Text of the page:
"How's my driving?" Oh please, Uber already knows. The company doesn't need for you to call a number listed on an old-fashioned bumper sticker to tell them that one of their drivers is gong too fast, braking too hard, or even playing with their phone. In news picked up by TechCrunch, the company announced that it's been turning to sensors in drivers' phones to figure that all out as part of a new pilot program.

Gyrometers in phones can measure small movements, while GPS and accelerometers show how often a vehicle starts and stops, as well as its overall speed. If a rider complains that a driver accelerated too fast and broke too hard, we can review that trip using data. If the feedback is accurate, then we can get in touch with the driver. And if it’s not, we could use the information to make sure a driver’s rating isn’t affected.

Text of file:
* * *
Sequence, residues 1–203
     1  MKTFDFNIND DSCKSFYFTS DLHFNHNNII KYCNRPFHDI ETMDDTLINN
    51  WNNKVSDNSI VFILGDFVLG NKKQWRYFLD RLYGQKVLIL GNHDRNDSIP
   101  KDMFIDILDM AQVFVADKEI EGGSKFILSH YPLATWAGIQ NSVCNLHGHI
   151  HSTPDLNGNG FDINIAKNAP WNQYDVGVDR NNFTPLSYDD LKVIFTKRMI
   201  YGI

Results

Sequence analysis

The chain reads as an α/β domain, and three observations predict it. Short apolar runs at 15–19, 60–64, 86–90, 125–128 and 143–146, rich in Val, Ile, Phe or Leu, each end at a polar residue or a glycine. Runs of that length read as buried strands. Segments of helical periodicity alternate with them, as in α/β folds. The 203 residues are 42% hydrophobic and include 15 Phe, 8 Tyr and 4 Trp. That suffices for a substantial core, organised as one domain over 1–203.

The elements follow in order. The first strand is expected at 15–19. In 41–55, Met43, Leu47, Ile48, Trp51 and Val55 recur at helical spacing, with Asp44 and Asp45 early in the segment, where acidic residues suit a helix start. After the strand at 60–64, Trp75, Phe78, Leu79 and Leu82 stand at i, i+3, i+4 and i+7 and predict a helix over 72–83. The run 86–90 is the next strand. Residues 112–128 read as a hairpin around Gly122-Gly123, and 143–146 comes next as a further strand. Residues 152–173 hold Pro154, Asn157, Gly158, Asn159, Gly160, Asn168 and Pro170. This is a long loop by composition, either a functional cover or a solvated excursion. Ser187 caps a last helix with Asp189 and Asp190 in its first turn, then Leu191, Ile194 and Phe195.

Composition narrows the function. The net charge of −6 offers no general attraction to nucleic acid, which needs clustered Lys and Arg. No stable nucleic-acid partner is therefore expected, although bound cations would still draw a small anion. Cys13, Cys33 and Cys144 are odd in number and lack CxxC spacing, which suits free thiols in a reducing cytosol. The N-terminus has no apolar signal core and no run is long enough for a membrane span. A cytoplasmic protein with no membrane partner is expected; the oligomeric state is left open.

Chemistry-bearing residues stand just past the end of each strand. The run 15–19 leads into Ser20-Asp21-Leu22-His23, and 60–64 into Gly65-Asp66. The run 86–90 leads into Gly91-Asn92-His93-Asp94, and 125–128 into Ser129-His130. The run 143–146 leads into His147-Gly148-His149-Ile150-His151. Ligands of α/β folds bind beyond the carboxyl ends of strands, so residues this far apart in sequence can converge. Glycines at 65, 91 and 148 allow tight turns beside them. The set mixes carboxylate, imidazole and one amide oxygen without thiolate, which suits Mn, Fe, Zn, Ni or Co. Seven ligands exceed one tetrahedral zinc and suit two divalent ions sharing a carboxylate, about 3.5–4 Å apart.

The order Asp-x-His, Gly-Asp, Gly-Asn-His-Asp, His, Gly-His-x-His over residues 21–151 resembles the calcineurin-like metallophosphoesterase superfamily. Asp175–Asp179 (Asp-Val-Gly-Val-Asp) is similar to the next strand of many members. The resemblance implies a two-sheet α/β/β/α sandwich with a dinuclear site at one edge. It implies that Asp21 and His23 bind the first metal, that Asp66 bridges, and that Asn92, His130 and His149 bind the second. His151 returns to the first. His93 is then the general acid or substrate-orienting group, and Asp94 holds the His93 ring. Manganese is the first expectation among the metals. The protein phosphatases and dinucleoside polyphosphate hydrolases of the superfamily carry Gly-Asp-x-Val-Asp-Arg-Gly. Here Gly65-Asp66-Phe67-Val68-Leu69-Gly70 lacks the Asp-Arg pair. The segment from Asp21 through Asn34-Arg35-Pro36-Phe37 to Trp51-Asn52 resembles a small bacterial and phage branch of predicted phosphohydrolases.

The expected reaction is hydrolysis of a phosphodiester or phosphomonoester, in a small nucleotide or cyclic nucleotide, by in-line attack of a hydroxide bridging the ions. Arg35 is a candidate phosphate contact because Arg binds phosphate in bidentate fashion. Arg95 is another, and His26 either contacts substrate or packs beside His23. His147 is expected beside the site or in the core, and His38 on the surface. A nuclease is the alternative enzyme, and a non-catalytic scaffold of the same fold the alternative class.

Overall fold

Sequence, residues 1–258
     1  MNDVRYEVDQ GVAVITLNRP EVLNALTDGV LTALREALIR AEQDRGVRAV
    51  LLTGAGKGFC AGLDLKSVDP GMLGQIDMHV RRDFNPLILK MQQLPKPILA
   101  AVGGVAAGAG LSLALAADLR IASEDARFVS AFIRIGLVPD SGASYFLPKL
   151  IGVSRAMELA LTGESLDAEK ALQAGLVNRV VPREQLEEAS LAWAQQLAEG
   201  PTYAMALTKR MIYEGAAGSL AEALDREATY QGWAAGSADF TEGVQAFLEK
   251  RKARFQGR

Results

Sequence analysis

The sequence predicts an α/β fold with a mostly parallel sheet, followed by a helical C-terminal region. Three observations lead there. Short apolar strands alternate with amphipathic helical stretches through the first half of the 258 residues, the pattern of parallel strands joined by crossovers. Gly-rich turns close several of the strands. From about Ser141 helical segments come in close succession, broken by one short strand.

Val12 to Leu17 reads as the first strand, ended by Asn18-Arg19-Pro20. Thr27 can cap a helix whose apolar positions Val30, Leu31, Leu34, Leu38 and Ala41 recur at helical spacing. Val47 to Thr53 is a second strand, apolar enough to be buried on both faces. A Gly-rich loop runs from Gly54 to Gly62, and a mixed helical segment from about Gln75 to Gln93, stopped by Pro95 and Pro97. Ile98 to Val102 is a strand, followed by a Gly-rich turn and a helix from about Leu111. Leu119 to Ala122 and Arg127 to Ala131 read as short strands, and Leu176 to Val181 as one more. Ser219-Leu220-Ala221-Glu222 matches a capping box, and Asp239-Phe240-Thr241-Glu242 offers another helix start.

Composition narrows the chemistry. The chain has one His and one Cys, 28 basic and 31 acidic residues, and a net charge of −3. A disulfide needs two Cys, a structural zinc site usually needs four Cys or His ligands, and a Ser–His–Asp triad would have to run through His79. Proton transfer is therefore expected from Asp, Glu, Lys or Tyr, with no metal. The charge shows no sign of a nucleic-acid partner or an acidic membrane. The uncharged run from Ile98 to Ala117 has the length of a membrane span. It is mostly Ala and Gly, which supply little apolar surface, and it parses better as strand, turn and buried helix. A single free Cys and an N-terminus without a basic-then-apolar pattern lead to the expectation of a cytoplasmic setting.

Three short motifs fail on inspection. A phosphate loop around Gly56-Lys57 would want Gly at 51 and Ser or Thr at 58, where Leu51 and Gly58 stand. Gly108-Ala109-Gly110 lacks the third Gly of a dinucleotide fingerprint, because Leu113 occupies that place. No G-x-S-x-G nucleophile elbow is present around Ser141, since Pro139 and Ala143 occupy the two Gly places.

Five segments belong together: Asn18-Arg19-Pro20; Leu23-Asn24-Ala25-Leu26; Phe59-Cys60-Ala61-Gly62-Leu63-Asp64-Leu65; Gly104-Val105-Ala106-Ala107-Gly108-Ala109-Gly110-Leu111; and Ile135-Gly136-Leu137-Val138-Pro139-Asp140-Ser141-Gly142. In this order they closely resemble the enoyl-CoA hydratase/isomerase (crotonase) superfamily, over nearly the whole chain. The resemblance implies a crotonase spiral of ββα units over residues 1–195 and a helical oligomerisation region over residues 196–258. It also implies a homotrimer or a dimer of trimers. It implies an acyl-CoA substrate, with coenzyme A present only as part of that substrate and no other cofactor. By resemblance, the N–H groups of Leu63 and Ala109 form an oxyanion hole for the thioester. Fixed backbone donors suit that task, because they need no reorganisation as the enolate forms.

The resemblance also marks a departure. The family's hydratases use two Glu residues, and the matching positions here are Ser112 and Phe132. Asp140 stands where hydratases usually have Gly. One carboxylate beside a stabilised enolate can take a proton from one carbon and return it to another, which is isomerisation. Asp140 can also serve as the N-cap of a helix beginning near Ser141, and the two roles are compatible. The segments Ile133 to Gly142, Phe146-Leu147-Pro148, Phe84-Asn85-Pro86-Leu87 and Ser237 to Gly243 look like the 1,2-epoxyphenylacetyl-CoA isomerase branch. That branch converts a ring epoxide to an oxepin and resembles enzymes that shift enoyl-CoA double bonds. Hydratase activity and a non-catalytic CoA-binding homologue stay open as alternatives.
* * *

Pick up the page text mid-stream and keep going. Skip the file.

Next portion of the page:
TechCrunch speculates that Uber might be able to use the data for purposes beyond safety. "This is really allowing Uber to harness a greater deal of data to see how their drivers are operating their vehicles in different areas," they write.

Uber says it can use the data not just to fault drivers, but to improve them. "If gyrometer data shows that drivers are constantly moving their phones around, we can offer them mounts to fix the problem," one suggestion goes. "Or we could use technology to determine that the average South Florida Uber driver goes 50MPH and takes 50 minutes to drive from Miami to Fort Lauderdale. For drivers who go much faster on that stretch, we can ask them to curb their enthusiasm."

Good one, guys. By the way, what kind of data were you getting from your drivers who were staging a protest at your headquarters yesterday? Can you tell from their phones that they're honking, or do you just hear it?

Previously: Video: Uber Drivers Stage 'Honk-In' Protest Over Wages In Front Of Uber HQ